BRAMANTE, Donato


BRAMANTE, Donato
(1444-1514)
   Donato Bramante is considered the first High Renaissance architect in Rome because his classical style shifted from the more general use of classical references characteristic of the Early Renaissance to a more specific and sustained use of classical vocabulary. Originally trained as a painter in the court of Urbino, in central Italy, Bramante first worked for the Sforza family of Milan, where he probably met Leonardo da Vinci and became interested in architecture.
   In 1502, Bramante settled in Rome and received a commission from King Ferdinand and Queen Isabella of Spain to complete a small shrine located on the supposed site of Saint Peter's crucifixion. This small round church came to be called "The Tempietto," or "Little Temple," in recognition of the fact that it most closely recalls buildings from classical antiquity that followed the principles of architecture first defined in Ancient Rome by Vitruvius. Given that this small church is a memorial to Saint Peter, it therefore does not have a large congregational space but instead is meant to be a martyrium, that is, a building that demarcates the site of the martyrdom or burial of a person. This centrally planned church features a base that leads up to the colonnaded portico via three steps. Although most churches in the Renaissance and subsequent Baroque eras were longitudinal in plan, this circular plan was considered the more perfect shape for a church. A circle is completely symmetrical, with no beginning and no end, and in the Renaissance it came to symbolize infinity, and therefore, God himself. It follows that the round Tempietto is therefore the most nearly perfect, or ideal, ground plan. Its portico is supported with Doric columns, the simplest capital design, favored by Vitruvius for the commemoration of male gods and consequently also used in the Renaissance to commemorate male saints. Above the columns of the Tempietto, triglyphs separate the square metopes, which are carved with symbols of Saint Peter, including his keys and papal tiara. A balustrade, or porch balcony, caps the portico, while a graceful drum behind the balustrade supports a dome capped by a lantern with a cross on top.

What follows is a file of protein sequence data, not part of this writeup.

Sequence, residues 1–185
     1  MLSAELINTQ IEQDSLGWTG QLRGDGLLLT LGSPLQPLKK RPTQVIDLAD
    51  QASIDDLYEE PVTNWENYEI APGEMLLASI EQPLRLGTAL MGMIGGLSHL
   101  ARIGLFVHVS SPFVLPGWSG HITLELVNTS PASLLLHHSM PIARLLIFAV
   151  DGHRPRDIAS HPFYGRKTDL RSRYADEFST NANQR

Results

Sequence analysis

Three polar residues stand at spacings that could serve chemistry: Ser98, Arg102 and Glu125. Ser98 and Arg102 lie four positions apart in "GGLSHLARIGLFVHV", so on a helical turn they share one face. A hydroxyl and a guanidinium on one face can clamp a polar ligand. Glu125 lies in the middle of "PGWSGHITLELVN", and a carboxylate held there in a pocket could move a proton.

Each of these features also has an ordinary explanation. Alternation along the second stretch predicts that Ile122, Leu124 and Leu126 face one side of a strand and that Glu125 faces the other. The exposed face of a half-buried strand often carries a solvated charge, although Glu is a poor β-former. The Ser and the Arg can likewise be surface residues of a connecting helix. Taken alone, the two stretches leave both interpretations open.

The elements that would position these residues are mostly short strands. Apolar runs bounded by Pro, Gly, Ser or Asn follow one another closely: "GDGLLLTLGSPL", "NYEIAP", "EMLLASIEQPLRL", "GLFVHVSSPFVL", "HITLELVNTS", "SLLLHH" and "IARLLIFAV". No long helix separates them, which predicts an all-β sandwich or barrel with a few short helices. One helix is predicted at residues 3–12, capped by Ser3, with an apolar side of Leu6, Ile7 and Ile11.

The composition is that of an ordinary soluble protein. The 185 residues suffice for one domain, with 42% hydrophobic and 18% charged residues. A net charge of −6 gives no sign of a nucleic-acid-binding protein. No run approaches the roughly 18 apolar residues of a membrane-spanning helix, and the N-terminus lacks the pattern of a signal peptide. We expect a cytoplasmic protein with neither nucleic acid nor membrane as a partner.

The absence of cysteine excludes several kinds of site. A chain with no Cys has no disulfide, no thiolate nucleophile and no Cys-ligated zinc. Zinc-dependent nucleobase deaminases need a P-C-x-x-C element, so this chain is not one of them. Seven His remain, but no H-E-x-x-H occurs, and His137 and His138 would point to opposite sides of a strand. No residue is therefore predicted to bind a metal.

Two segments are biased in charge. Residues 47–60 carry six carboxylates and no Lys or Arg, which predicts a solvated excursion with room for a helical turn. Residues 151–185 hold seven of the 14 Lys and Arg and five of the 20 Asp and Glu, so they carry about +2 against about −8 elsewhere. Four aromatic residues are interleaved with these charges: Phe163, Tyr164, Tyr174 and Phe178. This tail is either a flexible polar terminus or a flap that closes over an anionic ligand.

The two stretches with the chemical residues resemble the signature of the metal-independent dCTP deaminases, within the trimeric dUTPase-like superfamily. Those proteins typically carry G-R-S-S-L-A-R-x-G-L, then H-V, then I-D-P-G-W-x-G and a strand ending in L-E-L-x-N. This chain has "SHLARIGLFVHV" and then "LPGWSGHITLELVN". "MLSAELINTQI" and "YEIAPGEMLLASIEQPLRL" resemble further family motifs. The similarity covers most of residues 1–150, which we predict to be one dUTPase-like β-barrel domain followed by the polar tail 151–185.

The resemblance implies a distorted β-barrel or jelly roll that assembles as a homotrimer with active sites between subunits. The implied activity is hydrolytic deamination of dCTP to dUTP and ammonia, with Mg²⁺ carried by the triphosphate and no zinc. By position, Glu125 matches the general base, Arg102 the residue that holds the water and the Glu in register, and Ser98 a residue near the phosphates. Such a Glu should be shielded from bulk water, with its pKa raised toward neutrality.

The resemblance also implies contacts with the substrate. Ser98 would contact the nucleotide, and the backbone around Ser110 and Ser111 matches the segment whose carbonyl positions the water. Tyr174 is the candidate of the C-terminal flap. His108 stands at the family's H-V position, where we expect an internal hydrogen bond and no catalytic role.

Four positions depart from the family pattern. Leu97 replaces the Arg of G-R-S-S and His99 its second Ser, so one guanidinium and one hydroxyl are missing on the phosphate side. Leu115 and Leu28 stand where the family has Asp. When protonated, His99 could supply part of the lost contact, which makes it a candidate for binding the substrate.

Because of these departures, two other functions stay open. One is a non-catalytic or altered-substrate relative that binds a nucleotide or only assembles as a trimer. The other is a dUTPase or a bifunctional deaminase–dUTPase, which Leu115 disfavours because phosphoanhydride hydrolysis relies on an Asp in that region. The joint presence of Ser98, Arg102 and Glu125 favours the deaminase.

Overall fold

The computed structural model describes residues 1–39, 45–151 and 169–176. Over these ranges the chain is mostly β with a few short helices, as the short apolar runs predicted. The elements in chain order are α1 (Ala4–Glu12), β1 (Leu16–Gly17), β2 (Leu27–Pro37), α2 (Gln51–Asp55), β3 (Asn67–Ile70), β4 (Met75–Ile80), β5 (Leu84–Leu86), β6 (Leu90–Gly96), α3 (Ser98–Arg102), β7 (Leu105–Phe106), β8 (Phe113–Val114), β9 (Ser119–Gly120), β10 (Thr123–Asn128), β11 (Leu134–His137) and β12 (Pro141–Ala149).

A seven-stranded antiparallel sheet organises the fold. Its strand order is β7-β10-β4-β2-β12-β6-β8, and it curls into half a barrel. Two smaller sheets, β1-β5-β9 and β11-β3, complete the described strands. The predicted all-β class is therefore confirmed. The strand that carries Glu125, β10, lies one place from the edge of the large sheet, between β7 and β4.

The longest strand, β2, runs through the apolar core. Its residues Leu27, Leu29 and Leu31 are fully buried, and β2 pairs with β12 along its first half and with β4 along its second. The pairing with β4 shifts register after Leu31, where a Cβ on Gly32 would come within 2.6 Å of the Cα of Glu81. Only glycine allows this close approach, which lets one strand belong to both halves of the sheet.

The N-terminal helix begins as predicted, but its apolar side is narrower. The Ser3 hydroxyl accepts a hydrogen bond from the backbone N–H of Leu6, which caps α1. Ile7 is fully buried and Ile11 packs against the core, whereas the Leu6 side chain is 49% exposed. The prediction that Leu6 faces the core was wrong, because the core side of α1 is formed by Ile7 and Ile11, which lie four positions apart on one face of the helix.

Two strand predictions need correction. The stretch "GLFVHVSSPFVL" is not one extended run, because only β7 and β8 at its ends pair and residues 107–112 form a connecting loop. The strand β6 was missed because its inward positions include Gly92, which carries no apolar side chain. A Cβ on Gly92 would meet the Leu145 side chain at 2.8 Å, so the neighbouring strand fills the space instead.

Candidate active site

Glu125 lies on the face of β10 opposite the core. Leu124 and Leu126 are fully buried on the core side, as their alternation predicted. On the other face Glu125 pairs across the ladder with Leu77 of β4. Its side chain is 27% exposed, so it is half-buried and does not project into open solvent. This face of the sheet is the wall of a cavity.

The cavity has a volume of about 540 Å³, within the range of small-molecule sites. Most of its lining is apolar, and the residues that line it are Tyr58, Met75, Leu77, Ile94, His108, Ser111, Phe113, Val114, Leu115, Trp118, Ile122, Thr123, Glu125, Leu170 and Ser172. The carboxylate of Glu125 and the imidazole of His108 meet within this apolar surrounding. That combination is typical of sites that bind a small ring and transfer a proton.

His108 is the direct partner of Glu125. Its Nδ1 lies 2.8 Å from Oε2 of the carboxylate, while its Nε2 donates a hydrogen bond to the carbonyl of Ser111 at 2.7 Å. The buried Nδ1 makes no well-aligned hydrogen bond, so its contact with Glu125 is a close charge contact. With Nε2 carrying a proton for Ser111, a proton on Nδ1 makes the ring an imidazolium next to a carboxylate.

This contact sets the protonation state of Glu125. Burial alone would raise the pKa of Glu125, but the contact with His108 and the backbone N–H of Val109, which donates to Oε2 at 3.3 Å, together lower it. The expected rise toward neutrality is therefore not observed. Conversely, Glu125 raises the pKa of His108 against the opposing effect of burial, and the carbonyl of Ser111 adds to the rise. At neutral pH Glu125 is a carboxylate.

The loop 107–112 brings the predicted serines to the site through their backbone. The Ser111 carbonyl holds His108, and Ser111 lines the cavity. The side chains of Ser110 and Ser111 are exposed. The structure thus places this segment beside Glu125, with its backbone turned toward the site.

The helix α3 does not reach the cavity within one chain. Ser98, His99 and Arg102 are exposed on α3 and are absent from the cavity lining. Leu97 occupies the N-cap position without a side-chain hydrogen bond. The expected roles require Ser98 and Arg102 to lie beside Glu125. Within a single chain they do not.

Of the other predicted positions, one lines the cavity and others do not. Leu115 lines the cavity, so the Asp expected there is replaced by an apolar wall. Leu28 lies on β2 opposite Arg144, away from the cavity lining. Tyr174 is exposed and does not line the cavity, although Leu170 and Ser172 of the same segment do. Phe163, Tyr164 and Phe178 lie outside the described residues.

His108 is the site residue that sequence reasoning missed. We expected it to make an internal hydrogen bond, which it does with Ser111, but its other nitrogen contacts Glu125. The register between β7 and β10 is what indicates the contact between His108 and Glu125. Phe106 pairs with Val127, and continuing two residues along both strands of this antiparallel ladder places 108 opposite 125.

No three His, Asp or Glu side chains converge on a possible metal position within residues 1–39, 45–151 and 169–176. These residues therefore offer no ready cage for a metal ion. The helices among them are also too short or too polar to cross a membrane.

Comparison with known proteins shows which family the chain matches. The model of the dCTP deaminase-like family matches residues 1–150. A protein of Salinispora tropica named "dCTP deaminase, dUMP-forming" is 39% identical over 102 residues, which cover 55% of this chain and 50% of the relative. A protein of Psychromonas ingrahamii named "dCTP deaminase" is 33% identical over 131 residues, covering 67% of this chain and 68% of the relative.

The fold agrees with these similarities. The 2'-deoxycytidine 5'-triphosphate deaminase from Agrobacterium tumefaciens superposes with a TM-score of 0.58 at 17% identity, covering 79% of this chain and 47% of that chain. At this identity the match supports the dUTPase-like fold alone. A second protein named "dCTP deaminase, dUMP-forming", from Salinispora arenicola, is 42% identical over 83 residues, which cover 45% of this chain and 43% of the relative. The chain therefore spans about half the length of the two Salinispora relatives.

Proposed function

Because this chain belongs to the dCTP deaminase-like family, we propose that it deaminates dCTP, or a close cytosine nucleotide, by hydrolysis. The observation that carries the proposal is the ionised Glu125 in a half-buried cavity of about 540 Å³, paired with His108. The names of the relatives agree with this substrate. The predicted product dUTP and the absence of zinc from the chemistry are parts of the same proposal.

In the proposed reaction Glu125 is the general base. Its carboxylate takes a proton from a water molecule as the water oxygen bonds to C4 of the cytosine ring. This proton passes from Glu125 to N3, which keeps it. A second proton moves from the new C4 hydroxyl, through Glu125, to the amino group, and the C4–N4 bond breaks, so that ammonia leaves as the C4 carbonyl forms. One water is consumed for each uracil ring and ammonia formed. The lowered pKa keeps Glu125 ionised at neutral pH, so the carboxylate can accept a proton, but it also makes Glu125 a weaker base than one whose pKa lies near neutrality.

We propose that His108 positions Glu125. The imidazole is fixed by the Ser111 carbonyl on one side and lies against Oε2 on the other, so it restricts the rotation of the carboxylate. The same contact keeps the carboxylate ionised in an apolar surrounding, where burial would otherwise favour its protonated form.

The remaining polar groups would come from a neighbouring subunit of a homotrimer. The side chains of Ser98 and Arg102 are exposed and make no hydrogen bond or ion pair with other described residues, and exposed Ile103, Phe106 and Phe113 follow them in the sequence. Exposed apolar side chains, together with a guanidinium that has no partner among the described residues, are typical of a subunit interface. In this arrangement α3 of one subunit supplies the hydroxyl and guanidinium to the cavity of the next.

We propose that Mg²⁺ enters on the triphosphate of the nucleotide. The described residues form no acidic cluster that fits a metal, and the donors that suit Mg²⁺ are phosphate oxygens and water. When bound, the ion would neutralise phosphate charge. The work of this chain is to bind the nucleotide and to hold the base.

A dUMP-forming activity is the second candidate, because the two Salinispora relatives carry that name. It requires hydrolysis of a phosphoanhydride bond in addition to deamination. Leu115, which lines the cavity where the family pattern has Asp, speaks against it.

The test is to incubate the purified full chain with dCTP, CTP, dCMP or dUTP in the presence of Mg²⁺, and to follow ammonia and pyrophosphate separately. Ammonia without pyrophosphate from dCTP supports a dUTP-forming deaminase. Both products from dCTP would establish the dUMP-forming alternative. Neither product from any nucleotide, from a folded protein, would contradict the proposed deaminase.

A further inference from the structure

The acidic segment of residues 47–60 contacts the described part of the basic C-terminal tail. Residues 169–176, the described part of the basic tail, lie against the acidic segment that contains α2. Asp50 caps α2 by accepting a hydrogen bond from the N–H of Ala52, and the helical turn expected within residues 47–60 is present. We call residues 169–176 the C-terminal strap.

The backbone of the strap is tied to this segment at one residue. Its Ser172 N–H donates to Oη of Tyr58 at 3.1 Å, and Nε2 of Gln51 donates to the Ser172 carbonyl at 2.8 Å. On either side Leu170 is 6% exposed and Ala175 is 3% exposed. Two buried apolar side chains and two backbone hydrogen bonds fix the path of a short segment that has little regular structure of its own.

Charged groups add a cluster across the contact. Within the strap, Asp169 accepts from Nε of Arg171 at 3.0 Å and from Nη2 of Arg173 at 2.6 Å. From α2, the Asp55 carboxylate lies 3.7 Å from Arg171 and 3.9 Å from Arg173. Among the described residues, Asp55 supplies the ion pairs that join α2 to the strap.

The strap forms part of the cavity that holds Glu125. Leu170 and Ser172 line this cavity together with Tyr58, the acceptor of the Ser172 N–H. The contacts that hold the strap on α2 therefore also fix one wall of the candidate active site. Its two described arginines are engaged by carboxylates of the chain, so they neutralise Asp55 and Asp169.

After the election of Julius II to the papacy in 1503, Bramante was given the most prestigious commission in all of Rome, that of rebuilding the ancient church of Saint Peter. The original church was over one thousand years old but it had been reinforced over the centuries so that it still functioned as the main church of Roman Catholicism, built over the site where Saint Peter was buried. Given the historical importance of this building, earlier popes had hesitated to tear it down, but Julius II considered the rebuilding of the church an important step in revitalizing the city of Rome. Bramante devised a Greek-cross-plan church with a massive dome that would rise over the Roman skyline. Pope Julius II and Bramante both died before the work was completed, but subsequent popes continued the massive project into the next century and achieved Pope Julius's dream of building the largest church in the entire Christian world. With these buildings epitomizing the High Renaissance architectural style, Bramante's short-lived architectural career received lasting recognition.

Historical Dictionaries of Literature and the Arts. . 2008.

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